Housing one of the world’s most important collections of prehistoric and ancient art, the National Archaeological Museum was designed by Ludwig Lange and Ernst Ziller as a neoclassical building and constructed between 1855 and 1874. Taking up the equivalent of several city blocks in the densely packed Exarcheia district of Athens, the building overlooks the public space of the National Archaeological Museum Garden. The major extension was commissioned in recognition of the institution’s need to adapt to meet new standards of quality, openness and sustainability.
Drawing on the spirit of the original design – a romantic philhellenic idea of an urban landscape – the proposal creates a new setting for the monumental building. Respecting the classical hierarchy and responding to the existing topography, the plinth of the existing building is extended all the way to the street, allowing the original structure to maintain its symbolic power. In one gesture, this generates roughly 20,000 square metres of additional space including two floors of subterranean galleries, forming a fluid sequence of spaces between old and new. The public garden is raised to the new, extended plinth level, framing the original building with nature.
The museum garden provides a quiet, green public space elevated above the bustling city and is based on the ancient Greek ideal of a public gathering area for all citizens. The landscape, designed by Wirtz International, contains gravel spaces and paths, lawns, groups of Umbrella and Aleppo pines, evergreen Holm oaks and shrubs, referencing nineteenth-century parks. Accessible from all directions, it contains a sunken, sheltered inner courtyard at the centre. The monumental entrance staircase of the original building is extended into this courtyard, binding together old and new, and providing a newly defined meeting place.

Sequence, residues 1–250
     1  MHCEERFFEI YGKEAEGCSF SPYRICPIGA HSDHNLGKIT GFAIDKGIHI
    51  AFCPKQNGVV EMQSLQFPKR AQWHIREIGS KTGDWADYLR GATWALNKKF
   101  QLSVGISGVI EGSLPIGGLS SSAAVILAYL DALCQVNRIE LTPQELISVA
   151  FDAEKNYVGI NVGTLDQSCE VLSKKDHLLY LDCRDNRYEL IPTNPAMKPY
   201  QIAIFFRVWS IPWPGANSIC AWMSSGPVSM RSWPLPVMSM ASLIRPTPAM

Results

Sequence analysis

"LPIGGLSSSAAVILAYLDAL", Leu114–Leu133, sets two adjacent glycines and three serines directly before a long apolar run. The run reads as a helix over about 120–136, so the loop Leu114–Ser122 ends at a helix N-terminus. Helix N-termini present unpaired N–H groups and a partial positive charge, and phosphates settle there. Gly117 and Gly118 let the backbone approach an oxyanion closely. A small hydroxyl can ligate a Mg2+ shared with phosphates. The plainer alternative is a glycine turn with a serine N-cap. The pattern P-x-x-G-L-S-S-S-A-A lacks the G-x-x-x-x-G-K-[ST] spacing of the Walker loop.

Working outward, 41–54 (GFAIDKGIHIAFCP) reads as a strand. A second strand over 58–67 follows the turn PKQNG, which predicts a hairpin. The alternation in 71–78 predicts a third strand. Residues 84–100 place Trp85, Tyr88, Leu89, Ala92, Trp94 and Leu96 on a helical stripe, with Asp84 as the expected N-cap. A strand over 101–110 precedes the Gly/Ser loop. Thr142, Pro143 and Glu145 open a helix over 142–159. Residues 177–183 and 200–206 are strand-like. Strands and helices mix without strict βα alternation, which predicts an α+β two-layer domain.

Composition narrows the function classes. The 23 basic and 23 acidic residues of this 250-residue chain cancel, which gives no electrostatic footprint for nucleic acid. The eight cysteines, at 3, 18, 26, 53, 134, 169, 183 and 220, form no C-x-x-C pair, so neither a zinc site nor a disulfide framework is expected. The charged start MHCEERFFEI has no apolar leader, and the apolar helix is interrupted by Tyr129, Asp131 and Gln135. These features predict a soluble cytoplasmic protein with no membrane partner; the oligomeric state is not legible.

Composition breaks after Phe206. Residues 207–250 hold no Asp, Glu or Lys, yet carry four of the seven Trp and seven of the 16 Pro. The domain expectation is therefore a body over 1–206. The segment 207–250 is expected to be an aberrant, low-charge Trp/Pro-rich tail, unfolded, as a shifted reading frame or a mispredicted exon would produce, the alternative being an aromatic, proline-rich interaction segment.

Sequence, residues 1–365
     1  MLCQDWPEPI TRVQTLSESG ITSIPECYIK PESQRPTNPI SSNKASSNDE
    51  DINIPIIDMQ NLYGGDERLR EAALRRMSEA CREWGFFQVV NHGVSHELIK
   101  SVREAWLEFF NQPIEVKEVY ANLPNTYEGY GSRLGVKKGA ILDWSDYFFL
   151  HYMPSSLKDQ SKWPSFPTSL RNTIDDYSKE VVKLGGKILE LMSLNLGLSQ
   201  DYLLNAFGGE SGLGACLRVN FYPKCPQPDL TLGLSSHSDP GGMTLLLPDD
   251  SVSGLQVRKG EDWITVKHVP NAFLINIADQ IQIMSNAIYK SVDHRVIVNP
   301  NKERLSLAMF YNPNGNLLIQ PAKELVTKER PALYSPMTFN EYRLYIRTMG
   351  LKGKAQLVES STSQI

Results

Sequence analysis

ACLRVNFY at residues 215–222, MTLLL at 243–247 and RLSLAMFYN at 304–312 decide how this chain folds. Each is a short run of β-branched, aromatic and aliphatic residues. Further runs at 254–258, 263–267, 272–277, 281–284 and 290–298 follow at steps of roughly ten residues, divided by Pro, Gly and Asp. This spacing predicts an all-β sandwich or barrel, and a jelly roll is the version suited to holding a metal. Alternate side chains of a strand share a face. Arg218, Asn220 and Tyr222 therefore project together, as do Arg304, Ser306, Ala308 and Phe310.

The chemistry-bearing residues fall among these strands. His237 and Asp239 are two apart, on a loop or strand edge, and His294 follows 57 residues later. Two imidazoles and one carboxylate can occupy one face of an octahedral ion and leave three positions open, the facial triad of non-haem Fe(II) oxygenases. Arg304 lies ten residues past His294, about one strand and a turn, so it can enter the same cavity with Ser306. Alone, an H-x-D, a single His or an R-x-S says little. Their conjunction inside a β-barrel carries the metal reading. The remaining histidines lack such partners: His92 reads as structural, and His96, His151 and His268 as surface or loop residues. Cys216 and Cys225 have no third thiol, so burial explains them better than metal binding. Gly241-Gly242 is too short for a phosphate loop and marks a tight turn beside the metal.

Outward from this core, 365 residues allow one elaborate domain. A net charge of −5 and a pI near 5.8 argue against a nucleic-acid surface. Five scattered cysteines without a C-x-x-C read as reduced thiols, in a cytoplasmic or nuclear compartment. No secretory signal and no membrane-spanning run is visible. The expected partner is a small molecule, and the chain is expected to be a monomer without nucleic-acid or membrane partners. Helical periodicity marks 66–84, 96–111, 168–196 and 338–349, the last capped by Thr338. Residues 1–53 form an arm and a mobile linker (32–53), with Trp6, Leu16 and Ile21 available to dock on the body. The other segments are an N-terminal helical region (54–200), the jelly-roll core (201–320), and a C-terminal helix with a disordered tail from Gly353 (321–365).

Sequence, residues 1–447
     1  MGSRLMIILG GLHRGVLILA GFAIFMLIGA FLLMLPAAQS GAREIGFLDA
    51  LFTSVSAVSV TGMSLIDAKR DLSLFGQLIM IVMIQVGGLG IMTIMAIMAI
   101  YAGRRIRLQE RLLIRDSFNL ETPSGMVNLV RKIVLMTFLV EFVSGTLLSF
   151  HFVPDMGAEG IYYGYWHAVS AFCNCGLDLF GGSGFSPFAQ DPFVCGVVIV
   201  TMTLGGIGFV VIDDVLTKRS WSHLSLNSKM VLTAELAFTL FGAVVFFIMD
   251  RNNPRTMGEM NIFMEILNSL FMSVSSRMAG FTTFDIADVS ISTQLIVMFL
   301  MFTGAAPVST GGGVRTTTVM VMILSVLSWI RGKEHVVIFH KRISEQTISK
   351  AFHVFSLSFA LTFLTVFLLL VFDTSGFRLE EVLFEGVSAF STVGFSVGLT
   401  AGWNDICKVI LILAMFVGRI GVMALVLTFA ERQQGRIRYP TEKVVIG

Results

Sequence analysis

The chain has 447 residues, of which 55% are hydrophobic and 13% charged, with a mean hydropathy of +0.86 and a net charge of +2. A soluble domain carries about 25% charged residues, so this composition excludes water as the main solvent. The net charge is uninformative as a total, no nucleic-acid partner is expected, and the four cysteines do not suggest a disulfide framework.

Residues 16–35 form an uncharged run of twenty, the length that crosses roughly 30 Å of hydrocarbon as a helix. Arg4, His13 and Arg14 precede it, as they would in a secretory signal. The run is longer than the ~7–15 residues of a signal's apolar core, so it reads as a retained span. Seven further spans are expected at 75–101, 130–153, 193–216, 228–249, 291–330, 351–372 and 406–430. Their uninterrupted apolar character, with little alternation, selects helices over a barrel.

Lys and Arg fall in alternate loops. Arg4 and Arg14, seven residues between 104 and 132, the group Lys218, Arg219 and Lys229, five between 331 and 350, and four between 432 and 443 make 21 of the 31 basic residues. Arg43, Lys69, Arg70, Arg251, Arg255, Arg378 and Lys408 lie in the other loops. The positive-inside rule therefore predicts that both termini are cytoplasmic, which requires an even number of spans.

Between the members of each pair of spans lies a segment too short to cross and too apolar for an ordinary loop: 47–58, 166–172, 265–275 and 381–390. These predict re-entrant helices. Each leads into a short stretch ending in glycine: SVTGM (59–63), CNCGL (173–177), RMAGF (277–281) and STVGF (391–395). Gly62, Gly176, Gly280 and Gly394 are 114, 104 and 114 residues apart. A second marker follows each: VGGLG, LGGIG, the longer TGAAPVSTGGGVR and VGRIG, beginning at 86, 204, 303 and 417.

The extension will contain the museum’s main public-facing functions – ticketing facilities, cloakroom, shop, and restaurant, as well as an auditorium and permanent and temporary exhibitions spaces – which are organised in balance with the symmetry and axis of the historic building. The main entrance is brought forward to the street, reinforcing the museum’s relationship with the city, while the largely glazed façade offers the public views into the new building.
The plan is made up of a series of dispersed solid elements that define a fluid sequence of spaces that draw visitors towards the historic building and offer oblique views into the galleries along the way. The rammed-earth walls reinforce the excavated nature of the extension and, combined with the play of light and shadow, create the sense of subterranean caverns, forming distinctive settings for exhibiting artefacts and sculptures that contrast the historic exhibition spaces.